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Quake Watch 2012

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posted on Aug, 26 2012 @ 04:33 PM
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Here is a good read... www.usatoday.com...

There is a lot of news in 2009 and in 2011 I believe because the area was swarming then but it seems as though it was not swarming at all like today. I'm still looking.


"As long as it stays underground, I'm not afraid," Jimmy Mason said. "But if anything starts bubbling or popping, I'll be out of here quick."




posted on Aug, 26 2012 @ 04:39 PM
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reply to post by MamaJ
 


This is when we need a good number-cruncher (and a dual-monitor setup).
The intensity and frequency of this swarm just looks high to me, but nothing at all Northwards on the San Andreas at this point. It will be interesting to find out if it's unprecedented as far as those 2 factors go.

The question is now burning in my head, tectonic or volcanic?



posted on Aug, 26 2012 @ 04:41 PM
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The following is my opinion as a member participating in this discussion.

The Southern California Earthquake Data Center has a list and map here that's updating pretty regularly.

I can only give an opinion based upon my imperfect memory, but this series of quakes has to be one of the more impressive swarms I've seen in that region in quite a while. Just in the past few hours (since around midday local time there) there have been 26 quakes of mag 3.0 or bigger, including a 4.0, 4.6, 5.3, 4.9, 4.3, 5.4, and another 4.3.

Those, along with the many smaller ones, adds up to quite a lot of energy release. Later, I expect Puterman can make up a graph to show what it works out as if converted to a single quake, but I'm guessing it would be close to a mag 6.0 or thereabouts.

The worry as I see it is not so much just about this location around Brawley, but the remote possibility of other release further N - NW along the fault system. It's impossible to say if anything major will result but in this case I have to agree that it's worth keeping an eye on.

Mike

As an ATS Staff Member, I will not moderate in threads such as this where I have participated as a member.



posted on Aug, 26 2012 @ 04:45 PM
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reply to post by sageturkey
 


Probably tectonic, even as shallow as they are. You don't see many 5.4's around volcanoes usually. A measurement in google earth indicates the Salton Buttes volcanic field is about 21 km away from the center of the swarm activity.

At this link you can read about the Brawley seismic zone:
geohazards.usgs.gov...

It is probably just more crustal spreading activity on the fault. The area is known for it. No one freak out until I do please.



posted on Aug, 26 2012 @ 04:46 PM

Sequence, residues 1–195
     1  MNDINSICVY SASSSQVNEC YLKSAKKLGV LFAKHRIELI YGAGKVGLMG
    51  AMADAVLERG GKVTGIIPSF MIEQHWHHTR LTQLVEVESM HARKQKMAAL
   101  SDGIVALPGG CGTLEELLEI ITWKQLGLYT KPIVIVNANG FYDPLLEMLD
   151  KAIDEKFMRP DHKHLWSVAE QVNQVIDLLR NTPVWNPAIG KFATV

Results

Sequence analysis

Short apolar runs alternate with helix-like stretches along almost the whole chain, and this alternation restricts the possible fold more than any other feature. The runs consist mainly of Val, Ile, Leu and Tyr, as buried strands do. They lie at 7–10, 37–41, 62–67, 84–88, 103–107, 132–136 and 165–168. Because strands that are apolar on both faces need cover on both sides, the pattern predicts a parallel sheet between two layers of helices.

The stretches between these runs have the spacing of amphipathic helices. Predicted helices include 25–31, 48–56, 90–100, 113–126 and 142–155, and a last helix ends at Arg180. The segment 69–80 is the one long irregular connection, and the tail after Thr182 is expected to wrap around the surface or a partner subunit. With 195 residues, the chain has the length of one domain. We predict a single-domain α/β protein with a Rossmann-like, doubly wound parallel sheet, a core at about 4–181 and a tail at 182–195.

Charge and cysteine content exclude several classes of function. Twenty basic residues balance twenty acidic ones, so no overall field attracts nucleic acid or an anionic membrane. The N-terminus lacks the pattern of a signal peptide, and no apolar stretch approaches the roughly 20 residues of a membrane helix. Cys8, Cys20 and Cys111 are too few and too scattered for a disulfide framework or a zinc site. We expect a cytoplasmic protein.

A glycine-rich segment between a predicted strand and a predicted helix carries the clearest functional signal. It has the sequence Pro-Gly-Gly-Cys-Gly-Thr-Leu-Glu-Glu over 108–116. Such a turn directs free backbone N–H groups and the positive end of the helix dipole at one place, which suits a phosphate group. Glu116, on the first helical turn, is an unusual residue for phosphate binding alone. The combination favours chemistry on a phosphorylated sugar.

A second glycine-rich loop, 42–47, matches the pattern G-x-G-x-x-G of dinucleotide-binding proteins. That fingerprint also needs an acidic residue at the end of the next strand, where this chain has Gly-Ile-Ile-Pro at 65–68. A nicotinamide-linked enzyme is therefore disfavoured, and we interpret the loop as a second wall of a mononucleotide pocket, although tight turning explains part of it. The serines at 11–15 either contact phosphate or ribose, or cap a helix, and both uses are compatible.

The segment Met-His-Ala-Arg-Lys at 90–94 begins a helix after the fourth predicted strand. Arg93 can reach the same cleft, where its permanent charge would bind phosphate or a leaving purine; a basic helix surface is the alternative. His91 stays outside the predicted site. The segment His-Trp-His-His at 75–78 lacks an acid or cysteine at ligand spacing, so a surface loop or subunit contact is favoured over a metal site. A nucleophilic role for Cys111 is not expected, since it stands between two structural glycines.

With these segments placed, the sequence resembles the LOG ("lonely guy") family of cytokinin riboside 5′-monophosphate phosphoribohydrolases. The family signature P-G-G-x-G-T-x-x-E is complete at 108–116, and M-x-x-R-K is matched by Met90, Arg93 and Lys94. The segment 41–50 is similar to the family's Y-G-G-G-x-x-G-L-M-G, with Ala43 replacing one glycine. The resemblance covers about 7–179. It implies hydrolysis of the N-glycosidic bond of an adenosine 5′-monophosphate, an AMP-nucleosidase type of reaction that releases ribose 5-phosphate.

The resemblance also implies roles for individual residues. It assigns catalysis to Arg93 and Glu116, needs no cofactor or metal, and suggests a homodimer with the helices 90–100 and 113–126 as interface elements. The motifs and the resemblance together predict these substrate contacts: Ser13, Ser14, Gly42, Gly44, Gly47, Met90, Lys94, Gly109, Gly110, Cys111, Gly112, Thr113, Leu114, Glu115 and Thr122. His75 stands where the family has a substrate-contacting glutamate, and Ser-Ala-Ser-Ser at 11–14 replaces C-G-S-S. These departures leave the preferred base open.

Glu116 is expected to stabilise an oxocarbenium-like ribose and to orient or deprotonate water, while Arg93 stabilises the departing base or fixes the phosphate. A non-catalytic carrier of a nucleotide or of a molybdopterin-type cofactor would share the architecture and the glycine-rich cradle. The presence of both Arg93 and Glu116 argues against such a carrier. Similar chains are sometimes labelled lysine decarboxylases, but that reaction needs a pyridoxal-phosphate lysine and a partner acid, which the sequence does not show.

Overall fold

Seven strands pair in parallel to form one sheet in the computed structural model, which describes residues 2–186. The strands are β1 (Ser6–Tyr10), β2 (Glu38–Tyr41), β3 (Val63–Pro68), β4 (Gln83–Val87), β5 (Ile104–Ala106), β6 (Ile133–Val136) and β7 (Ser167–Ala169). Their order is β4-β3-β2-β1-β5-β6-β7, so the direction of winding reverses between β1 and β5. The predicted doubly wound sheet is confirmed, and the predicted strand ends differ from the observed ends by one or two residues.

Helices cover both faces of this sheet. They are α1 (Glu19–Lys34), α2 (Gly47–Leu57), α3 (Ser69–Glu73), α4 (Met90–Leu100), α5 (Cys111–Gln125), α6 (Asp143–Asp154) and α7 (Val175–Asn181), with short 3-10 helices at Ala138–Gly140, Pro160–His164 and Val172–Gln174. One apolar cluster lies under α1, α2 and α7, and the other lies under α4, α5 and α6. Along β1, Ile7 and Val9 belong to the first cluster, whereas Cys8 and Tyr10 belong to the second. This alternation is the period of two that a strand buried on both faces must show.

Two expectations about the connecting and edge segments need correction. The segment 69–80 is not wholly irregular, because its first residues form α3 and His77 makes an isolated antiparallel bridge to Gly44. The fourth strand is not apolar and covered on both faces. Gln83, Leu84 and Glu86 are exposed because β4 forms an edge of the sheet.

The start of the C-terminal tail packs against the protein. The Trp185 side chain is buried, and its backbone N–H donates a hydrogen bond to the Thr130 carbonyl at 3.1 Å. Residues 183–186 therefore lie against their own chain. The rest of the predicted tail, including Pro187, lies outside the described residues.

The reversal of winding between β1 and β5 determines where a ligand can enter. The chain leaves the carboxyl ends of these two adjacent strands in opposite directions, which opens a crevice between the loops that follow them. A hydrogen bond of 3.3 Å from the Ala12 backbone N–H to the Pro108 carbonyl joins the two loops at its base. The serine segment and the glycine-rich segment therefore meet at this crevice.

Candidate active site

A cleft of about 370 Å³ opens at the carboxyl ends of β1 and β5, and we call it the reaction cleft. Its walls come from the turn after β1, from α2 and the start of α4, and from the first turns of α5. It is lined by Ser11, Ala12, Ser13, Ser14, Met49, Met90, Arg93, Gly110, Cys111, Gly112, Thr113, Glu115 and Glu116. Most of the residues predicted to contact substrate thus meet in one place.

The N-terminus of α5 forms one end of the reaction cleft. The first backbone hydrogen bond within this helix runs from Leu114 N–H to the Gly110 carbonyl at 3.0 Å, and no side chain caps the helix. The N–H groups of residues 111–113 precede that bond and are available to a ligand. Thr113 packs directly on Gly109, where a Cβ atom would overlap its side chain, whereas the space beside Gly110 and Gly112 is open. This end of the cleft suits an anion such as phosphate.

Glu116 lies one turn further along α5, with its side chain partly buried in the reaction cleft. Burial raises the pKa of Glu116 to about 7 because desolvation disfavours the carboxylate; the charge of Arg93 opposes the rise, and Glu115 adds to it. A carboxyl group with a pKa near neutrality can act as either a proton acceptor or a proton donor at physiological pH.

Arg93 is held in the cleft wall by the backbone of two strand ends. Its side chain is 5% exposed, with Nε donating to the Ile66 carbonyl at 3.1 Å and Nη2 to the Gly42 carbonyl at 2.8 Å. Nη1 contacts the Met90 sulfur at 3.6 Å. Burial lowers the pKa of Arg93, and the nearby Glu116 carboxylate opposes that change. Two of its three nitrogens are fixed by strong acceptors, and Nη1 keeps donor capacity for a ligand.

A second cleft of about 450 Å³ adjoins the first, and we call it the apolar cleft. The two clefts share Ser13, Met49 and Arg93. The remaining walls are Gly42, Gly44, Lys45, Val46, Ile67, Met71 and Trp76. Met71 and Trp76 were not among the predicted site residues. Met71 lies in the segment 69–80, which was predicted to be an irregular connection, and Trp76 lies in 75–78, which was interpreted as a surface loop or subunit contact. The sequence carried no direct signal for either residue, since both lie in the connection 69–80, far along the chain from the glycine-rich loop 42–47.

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reply to post by TrueAmerican
 


Ok well let me know before you freak out so I can be prepared to then freak out. Lol

Thanks in advance.

It's concerning..... Looking.

Oh and thanks Mike, was wondering where y'all were.
edit on 26-8-2012 by MamaJ because: (no reason given)



posted on Aug, 26 2012 @ 04:50 PM
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I think I just heard a collective sigh as Mike and T.A. posted.
We're like a bunch of kids who just heard a noise in the basement and we're waiting for dad to say "It's ok kids"



posted on Aug, 26 2012 @ 04:51 PM
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The following is my opinion as a member participating in this discussion.

reply to post by TrueAmerican
 

Hi TA,

glad for your input.
I'm pretty much in agreement with you here, and for the same reason vis-a-vis quake size and volcanics. Tectonic seems more likely. On the other hand, there could be an interactive volcanic element, I guess. (There are hot springs not far from there, if I read it right.)

reply to post by MamaJ
 

Hi Mama,

I've been away a fair bit as I've had vacation so we've been away in the country whenever possible. But looks like I came back at an opportune time.

Pity it's already nearly midnight here... But oh well... I don't have to get up early, sooo...

Mike

As an ATS Staff Member, I will not moderate in threads such as this where I have participated as a member.


edit on 26/8/12 by JustMike because: (no reason given)



posted on Aug, 26 2012 @ 04:56 PM
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Originally posted by sageturkey
I think I just heard a collective sigh as Mike and T.A. posted.
We're like a bunch of kids who just heard a noise in the basement and we're waiting for dad to say "It's ok kids"




Well? Whatcha want me to say? That Cali is about to explode in two pieces?

:shk:

These could be late tectonic reactions to stress redistributions from the big quake that happened there a year or two ago. I got my eyes on it, with seismos open. I got a read on amplitudes, so I have an idea for future ones in the swarm. Actually, it's a good time to revive my INCOMING! thread, so I can guess the mag's- so if you see it pop up in recent posts, check it out. I'll report anything worthwhile there with a mag estimate.

www.abovetopsecret.com...

EDIT: aha! Been waiting on a particular network to come in, and it just did... So I am up close and personal now with this activity.
edit on Sun Aug 26th 2012 by TrueAmerican because: (no reason given)



posted on Aug, 26 2012 @ 04:57 PM
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The following is my opinion as a member participating in this discussion.


Originally posted by sageturkey
I think I just heard a collective sigh as Mike and T.A. posted.
We're like a bunch of kids who just heard a noise in the basement and we're waiting for dad to say "It's ok kids"

And I've been staring at all those quakes coming in and thinking, "Where's John Vidale? Where's Puterman??"


But seriously, while things are more than likely not going to worsen, when the earth does something a bit out of the norm for a given region, it's wise to at least take notice. Not panic, but at least be aware and a little wary. And for people in regions nearby that could be affected if things do get worse, it's also wise to do a quick stocktake and make sure everything's in order -- just in case.